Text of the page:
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Sunday, December 28, 2014

Travel : The Train Way

When I read other peoples’ blogs, they are usually centred around a single subject; 

  • keeping fit... 
  • food and cooking 
  • technology
  • travel
  • hobbies

The thing is, I have such a varied range of interests; none of which include running or cooking (unless I’m eating it!).  From previous posts, you'll know that I like technology; and I also enjoy reading. Another interest is travelling.

Mind you, this post isn't about travelling of the romantic, off to the sun type. No. This is about train travel of the ordinary kind.  

I have recently been making weekly trips from Manchester to London, courtesy of Virgin Trains.  It usually involves an early start from Piccadilly, with a late return.  So, I thought I’d regale you with stories of my journey.




It all started early on Monday morning, as I pulled into the car park at Piccadilly Station.  The walk to the station was uneventful; if a bit wet and windy; the concourse was particularly quiet; it really is quite romantic at silly o’clock!


The shops were open; WHSmiths were doing a roaring trade in the daily papers; stationery and lunch.  At the other end of the ‘Mall’ (yes, they call it a mall!) Sainsbury’s was doing brisk trade in all sorts of groceries, drink and lunch meal deals.


In between, Starbucks had a queue, which I joined to buy my treat of a skinny latté.  This always makes me chuckle to myself.  A latté with skimmed milk, into which I pour a tablespoon of sugar!  Coffee in hand, I head out to the train.  There’s always about two or three Virgin Trains ready and waiting, such is the frequency of the service to the capital.


It’s just over a two hour journey, but I like to get a table seat, so I can power on my laptop - not to work you understand.  I have films to watch; and sometimes I even download programmes from the BBC iPlayer, to catch up.  However, I inevitably end up dozing off for half an hour or so.


The service is usually quite busy, and by the time we've left Crewe, for the non-stop journey to London, there’s not a  seat available.  Occasionally, the service is empty, and I wonder why there are 11 coaches at all, when three would do!


The on-board announcements are a source of amusement; especially the new ones being trialled.  I even took to sending tweets to @virgintrains to complain.  As usual, they were quick to respond - they have a top social media team…


Nine times out of 10 the journey is uninterrupted; and we make swift progress to Euston. On occasion we can be delayed due to points problems; and this gets me to thinking that really, when you consider the volume of trains running, and the relatively small and very ancient infrastructure, how well train services are run.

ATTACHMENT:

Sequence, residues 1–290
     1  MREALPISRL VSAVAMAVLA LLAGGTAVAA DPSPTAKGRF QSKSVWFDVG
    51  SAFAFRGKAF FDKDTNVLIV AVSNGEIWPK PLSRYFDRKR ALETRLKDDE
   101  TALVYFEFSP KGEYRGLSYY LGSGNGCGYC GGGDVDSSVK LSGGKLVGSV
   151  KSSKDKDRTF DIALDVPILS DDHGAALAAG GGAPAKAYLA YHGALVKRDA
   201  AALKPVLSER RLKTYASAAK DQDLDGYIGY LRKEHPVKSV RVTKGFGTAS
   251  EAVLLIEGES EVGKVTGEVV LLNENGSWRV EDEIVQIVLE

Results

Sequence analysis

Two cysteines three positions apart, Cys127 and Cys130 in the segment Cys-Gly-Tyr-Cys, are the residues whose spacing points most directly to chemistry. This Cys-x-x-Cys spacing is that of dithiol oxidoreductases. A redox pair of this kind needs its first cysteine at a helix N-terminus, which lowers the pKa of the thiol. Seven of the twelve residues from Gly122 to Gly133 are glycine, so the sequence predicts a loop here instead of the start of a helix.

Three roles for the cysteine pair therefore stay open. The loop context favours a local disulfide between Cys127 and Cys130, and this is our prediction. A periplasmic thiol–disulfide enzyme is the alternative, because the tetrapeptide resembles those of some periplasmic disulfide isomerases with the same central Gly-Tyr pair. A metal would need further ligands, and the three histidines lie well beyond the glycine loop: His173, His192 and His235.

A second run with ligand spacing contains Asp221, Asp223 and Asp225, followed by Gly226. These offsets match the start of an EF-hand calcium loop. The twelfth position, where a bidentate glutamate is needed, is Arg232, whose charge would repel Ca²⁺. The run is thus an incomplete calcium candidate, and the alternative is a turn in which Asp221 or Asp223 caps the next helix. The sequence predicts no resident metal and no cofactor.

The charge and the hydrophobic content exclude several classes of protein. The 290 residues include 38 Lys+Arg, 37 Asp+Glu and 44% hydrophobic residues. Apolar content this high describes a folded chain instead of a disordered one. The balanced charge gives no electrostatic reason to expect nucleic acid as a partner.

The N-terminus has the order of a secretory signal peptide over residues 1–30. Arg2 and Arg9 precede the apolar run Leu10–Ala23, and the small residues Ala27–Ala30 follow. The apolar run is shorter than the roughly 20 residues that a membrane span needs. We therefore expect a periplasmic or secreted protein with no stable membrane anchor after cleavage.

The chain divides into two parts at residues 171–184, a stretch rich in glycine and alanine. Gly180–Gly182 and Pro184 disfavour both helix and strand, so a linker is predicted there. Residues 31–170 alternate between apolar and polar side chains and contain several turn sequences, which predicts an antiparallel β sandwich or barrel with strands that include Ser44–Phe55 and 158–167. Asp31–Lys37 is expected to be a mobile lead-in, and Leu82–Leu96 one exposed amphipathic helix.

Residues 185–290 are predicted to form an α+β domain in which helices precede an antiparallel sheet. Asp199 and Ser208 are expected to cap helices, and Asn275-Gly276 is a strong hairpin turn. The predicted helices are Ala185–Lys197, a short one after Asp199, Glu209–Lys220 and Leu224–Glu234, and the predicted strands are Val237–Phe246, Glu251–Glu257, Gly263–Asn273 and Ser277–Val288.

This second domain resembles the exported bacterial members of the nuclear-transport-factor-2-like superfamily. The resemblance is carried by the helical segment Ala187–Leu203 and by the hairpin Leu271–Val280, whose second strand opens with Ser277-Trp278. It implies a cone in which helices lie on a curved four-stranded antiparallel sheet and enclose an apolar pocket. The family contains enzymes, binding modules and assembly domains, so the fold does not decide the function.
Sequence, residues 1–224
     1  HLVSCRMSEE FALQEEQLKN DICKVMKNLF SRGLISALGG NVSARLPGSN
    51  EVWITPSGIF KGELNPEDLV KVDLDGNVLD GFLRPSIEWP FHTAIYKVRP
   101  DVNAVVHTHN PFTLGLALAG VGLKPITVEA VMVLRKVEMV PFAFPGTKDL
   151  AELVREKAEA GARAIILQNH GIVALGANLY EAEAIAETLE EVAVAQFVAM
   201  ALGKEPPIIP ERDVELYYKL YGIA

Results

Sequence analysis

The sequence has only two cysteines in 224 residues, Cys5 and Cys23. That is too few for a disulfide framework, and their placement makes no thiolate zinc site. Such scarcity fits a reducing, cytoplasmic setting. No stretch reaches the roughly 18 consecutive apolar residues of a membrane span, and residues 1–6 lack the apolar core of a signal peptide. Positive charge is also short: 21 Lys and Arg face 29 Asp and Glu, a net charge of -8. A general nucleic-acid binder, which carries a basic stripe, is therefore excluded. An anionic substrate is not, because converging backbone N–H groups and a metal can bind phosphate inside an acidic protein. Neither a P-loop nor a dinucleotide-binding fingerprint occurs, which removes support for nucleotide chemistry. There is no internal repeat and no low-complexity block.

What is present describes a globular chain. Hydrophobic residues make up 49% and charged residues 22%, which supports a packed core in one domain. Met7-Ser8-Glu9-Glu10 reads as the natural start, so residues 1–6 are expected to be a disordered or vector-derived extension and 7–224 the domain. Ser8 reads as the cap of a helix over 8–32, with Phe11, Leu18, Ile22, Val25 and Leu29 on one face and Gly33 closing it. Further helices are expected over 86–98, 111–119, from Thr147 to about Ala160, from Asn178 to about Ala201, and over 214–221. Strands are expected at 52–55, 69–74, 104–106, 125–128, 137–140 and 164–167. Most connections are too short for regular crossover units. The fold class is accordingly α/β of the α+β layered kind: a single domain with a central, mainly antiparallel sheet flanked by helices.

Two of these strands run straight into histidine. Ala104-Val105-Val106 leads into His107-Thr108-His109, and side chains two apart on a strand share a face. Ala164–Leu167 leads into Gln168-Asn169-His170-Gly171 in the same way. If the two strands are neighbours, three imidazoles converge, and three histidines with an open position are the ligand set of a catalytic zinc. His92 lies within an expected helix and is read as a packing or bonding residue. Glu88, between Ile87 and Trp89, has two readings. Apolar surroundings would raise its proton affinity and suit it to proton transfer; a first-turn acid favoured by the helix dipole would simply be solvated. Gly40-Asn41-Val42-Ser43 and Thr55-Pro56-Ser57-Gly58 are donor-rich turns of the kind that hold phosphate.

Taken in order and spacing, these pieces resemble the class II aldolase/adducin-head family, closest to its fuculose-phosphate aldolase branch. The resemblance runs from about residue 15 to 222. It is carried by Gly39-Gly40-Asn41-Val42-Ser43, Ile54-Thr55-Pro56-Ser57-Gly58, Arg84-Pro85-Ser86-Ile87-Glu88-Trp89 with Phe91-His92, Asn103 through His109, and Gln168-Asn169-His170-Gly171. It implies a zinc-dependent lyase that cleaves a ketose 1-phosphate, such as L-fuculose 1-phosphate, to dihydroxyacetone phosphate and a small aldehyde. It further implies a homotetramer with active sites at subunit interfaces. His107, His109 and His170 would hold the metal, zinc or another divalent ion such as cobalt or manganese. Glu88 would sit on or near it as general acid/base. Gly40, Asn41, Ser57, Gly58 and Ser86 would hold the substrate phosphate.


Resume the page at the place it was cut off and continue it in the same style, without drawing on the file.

I know we like to bash them; but we’re British.  We bash anything that doesn't work 100% of the time.  We are unforgiving in expressing discontent at the slightest problem; but all things considered, most of the time, the trains run on time; and in the case of Virgin, with friendly and pleasant staff.


The arrival into Euston is greeted with another “bing bong” as we are reminded to take all our belongings with us.  This also makes me chuckle - I couldn't possibly carry all my belongings, but I’ll take the bag I brought on with me!!


Joining the cattle market that is Euston is not pleasant.  Trying to cut across swathes of waiting passengers; staring blankly, almost robot-like at the departures board, waiting to see which platform their train will be leaving from, and whilst trying not to crash into other commuters all converging on the single escalator to the tube, makes for a fraught few minutes.


Then there is the sheer volume of people all heading underground, to jump into metal tubes to whizz them around the subterranean train set.  Another feat of engineering, that started in 1863, that continues to amaze; but not when crammed in like sardines.


Finally; fresh air again, and a short walk to the office; for a day in a stuffy room; before repeating the journey in reverse.


In fact, the reverse trip is during rush hour; which just means there are more people crammed into the confined space; and more people to jostle, push and barge, waiting to see which platform their train will be.  This time, I'm amongst them!


The train journey home is less busy, and during the winter, in complete darkness.  No, not the carriages, but the outside world just isn't there.  The odd light flashes by; but for the motion of the train, you wouldn't know we were moving.

What’s my conclusion to all this?  Don’t get me wrong; I like going to London; I'm just glad I don’t do it every day.  The journey may be relaxing; but the hustle, bustle, up and down the escalators, pushing and shoving is something that is to be experienced on a less frequent basis.
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